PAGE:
Around 400 older people will receive training using the internet and social media to help them set up social networks and 75 older people will be trained as Peer Advocates, supporting and encouraging older people to become more involved in their local communities. Social groups will also be set up across Northern Ireland, offering activities ranging from lunch clubs to rambling groups, and the project will also work in partnership with suicide support organisation PIPS to support older people at risk of suicide or self harm. 

“There is an increasing number of older people with disabilities in Northern Ireland. Many of them are living isolated, lonely lives,” said Eamonn Donaghy, Head of Business Development. “Often they aren’t getting the support and benefits they are entitled to because they don’t know where to go for help, so they are living in a ‘spiral’ of poverty, ill health, anxiety and depression.

“This project will go out to communities across Northern Ireland, especially rural areas where older people don’t have access to transport, and we will engage directly with older disabled people who really need our support. We will support them to access benefits and resources which they are entitled to. The development of social networks and our Peer Advocacy service will enable us to reach out to isolated older people and support them to become involved in community activities.”

Frank Hewitt, Big Lottery Fund NI Chair, said: “We are already seeing the really positive impact that the Connecting Older People programme is having on the lives of our most vulnerable older people in Northern Ireland.”

He continued: “The programme is supporting a range of vital projects that are transforming the lives of older people in our communities who are at risk of isolation, depression, mental and physical ill health and low self esteem. Our funding is supporting those older people who need our help the most.”

A full list of Reaching Out Connecting Older people awards

To find out more about the Reaching Out programmes visit www.biglotteryfund.org.uk

For more information contact:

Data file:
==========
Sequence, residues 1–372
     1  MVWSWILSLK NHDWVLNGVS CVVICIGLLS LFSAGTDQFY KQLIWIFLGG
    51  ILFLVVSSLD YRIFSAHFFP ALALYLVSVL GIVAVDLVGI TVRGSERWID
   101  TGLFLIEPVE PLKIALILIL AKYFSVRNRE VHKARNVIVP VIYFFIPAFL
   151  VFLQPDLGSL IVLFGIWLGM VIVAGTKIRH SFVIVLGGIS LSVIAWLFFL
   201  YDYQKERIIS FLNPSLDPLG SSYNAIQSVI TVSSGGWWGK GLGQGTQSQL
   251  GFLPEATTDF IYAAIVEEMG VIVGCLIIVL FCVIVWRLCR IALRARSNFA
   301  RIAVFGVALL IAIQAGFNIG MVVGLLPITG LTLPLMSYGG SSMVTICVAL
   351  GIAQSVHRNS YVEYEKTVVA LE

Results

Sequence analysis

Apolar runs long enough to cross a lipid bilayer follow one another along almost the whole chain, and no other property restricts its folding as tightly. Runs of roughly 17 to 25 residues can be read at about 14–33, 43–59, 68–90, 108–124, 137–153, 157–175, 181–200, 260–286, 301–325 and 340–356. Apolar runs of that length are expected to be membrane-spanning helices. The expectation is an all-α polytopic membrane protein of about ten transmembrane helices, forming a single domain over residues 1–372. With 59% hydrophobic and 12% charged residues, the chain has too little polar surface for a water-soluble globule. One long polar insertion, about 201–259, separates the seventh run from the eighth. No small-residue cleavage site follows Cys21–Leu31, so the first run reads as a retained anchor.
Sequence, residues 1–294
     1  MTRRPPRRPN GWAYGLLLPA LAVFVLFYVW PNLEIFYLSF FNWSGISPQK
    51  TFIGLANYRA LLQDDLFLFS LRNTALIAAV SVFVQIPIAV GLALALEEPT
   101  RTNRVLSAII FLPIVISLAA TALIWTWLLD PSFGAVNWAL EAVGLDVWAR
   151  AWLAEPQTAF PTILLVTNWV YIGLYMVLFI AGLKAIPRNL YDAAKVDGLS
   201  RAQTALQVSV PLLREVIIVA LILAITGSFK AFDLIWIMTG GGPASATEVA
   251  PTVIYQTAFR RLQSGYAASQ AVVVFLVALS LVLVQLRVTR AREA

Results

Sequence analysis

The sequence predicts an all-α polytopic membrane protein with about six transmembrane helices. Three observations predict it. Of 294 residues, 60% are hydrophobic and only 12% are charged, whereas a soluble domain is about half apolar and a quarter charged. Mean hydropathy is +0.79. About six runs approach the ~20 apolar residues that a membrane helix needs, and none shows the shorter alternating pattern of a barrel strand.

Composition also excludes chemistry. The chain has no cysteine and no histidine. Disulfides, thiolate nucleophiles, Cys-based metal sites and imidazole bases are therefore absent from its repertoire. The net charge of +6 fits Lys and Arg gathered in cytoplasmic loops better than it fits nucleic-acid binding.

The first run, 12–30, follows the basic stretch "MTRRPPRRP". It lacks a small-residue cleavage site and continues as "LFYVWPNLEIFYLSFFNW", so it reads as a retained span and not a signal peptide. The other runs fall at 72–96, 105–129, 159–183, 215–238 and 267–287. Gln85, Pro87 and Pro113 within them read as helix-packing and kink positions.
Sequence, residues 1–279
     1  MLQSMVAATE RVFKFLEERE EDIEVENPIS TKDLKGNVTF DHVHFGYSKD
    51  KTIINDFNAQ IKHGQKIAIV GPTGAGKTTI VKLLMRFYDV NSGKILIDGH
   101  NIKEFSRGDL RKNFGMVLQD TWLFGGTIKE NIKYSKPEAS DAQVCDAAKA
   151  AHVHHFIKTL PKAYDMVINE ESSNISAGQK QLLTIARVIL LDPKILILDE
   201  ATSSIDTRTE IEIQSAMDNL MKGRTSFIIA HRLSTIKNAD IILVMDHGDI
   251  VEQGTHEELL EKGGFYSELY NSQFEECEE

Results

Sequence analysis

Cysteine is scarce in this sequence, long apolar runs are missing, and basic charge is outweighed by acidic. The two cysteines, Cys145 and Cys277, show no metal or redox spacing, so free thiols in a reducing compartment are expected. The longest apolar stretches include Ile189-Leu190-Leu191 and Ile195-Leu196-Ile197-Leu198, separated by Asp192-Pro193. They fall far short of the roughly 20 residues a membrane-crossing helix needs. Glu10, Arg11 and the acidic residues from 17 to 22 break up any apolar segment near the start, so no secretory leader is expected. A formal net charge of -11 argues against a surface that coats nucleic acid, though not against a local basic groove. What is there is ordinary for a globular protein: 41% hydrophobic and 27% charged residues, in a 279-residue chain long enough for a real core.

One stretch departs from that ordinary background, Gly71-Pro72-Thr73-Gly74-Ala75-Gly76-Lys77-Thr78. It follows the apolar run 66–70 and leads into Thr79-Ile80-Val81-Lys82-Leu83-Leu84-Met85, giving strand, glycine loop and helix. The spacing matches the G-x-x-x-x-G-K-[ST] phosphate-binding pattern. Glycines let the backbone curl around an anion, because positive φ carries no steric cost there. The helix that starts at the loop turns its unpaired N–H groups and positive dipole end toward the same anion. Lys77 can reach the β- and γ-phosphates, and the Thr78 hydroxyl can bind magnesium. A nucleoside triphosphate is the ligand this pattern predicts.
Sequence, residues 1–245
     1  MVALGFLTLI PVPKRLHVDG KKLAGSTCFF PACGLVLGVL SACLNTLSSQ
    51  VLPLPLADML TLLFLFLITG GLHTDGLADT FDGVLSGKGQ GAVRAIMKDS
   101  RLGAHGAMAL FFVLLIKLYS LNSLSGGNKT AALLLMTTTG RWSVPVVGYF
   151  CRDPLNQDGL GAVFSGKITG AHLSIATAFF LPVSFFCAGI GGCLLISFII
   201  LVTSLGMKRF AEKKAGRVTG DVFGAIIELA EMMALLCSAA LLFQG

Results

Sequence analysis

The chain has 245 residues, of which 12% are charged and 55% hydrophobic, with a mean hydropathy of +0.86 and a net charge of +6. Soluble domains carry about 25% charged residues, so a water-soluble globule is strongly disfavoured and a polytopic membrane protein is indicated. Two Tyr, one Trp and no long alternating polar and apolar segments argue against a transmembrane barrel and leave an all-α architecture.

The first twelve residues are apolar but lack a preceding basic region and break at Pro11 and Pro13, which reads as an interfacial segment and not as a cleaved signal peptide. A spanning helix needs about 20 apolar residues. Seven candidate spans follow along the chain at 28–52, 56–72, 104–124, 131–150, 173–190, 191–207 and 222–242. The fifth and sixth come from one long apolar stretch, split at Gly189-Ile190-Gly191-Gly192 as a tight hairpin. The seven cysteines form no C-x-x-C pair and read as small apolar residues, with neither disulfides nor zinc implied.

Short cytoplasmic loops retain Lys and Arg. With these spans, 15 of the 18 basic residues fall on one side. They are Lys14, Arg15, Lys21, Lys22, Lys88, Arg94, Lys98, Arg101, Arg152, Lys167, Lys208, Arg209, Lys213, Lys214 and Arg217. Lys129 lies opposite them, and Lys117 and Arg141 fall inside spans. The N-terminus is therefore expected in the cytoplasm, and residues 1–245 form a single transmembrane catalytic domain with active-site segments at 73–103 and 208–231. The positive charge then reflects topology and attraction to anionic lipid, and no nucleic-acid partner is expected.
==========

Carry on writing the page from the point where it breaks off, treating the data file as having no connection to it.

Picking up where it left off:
Andrew Kennedy Big Lottery Fund Press Office: 02890 551 426
Out of hours contact: 07788 640 791

Notes to Editors
• The Big Lottery Fund (BIG), the largest distributor of National Lottery good cause funding, is responsible for giving out 40% of the money raised for good causes by the National Lottery.
• BIG is committed to bringing real improvements to communities and the lives of people most in need and has been rolling out grants to health, education, environment and charitable causes across the UK. Since its inception in 2004 BIG has awarded close to £6bn.
• The Fund was formally established by Parliament on 1 December 2006.
• Since the National Lottery began in 1994, 28p from every pound spent by the public has gone to good causes. As a result, over £29 billion has now been raised and more than 383,000 grants awarded across arts, sport, heritage, charities, health, education and the environment.
• Clanmil Housing is one of Northern Ireland’s leading housing associations and currently owns and manages over 3,000 homes throughout Northern Ireland including family homes, homes for single people, independent living schemes for older people, housing with care for frail older people and supported housing for older people with dementia.  Clanmil aims to provide high quality homes at the lowest possible economic rent for everyone in housing need.